Ballet star Misty Copeland, who has been a voice for diversity and inclusion in ballet, is taking her efforts beyond the studio and stage — and straight to your phone.
The American Ballet Theatre principal dancer called on Apple to expand its emoji keyboard to better represent Black ballet dancers and dancers of color. In a video shared on TikTok and Instagram last week, Copeland told viewers that Apple has only a pink pointe-shoe emoji and encouraged them to sign her change.org petition asking for more color options.
"In an era where Apple showcases diversity across its emoji spectrum, why is the pointe shoe left behind?" Copeland wrote in her petition.
She added: "This petition isn't just about an emoji. It's about ensuring the art of ballet, in all its forms, celebrates every dancer's story and shade."
Copeland's request comes days after she shared a video from her MasterClass program. In the clip, she opened up about matching "European pink" pointe shoes to her darker complexion.
"I think that's kind of a subtle and subconscious way of, I think, excluding brown and Black dancers," she said of the traditional pink satin material.
Until recent years, it was up to Black and brown dancers to make their pointe shoes match their skin tone. The process, known in the ballet world as "pancaking," meant that dancers would paint or apply makeup foundation onto their pink satin shoes.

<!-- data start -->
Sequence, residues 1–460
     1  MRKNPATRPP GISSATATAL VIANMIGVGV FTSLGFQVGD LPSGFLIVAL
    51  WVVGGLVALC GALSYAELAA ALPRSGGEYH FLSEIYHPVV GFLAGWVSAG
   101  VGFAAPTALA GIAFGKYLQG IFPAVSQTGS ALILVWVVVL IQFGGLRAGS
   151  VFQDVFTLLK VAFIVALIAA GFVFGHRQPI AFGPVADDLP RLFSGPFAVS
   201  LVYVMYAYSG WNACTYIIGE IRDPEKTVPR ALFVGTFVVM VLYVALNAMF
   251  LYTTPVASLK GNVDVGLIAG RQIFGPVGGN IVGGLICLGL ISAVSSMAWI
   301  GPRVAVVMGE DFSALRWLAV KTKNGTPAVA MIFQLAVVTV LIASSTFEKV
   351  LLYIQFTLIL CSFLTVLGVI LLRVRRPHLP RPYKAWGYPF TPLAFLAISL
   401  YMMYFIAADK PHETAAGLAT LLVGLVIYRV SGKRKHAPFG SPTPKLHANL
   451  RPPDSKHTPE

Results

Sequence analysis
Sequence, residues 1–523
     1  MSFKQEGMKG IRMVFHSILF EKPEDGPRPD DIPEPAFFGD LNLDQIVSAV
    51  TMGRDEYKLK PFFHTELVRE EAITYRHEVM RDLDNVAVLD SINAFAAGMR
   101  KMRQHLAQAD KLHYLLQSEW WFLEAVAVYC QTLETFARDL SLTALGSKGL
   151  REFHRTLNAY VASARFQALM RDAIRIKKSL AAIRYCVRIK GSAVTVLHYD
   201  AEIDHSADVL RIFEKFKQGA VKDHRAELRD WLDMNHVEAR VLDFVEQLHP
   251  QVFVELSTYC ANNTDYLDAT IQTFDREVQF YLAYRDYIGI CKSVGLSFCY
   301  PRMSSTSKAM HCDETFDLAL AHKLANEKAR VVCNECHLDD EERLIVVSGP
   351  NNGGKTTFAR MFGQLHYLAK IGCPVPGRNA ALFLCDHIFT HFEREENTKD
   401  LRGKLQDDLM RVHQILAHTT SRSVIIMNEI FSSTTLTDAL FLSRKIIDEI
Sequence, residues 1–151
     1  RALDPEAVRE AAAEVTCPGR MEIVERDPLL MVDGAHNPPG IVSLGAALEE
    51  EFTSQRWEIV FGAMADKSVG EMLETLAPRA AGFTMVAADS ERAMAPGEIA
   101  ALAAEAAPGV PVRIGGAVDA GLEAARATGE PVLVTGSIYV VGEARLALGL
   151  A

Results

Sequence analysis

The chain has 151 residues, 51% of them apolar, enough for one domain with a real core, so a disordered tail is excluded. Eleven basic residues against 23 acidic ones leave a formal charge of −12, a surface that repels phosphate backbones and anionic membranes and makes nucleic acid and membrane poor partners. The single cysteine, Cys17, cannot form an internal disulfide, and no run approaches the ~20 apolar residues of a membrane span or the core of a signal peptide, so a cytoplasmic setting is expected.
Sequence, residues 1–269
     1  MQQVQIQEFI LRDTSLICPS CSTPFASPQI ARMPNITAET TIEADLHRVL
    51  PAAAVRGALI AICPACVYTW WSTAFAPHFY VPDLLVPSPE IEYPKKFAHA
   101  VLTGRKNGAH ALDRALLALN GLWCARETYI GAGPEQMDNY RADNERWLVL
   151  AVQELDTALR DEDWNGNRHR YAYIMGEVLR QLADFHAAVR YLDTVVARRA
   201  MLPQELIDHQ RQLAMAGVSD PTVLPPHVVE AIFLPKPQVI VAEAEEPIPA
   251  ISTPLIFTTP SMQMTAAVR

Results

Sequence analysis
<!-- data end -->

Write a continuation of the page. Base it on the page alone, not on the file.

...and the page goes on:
In the comments on her TikTok video, Copeland noted that the MasterClass clip was filmed pre-pandemic and that a number of dancewear companies have since created different shades of pointe shoes. Major pointe-shoe brands including Bloch, Gaynor Minden and Capezio have been among the retailers to include a variety of shades in their lineups.
"This is an important show of inclusivity and welcome-ness and I want to encourage Apple to join by creating the many tones of the pointe-shoe emoji," she said in last week's post before encouraging followers to sign her petition.
As of Monday, Copeland's petition had garnered more than 19,000 signatures.
"Every signature brings us one step closer to a world where ballet, both on the stage and in digital spaces, reflects all of us," Copeland wrote.
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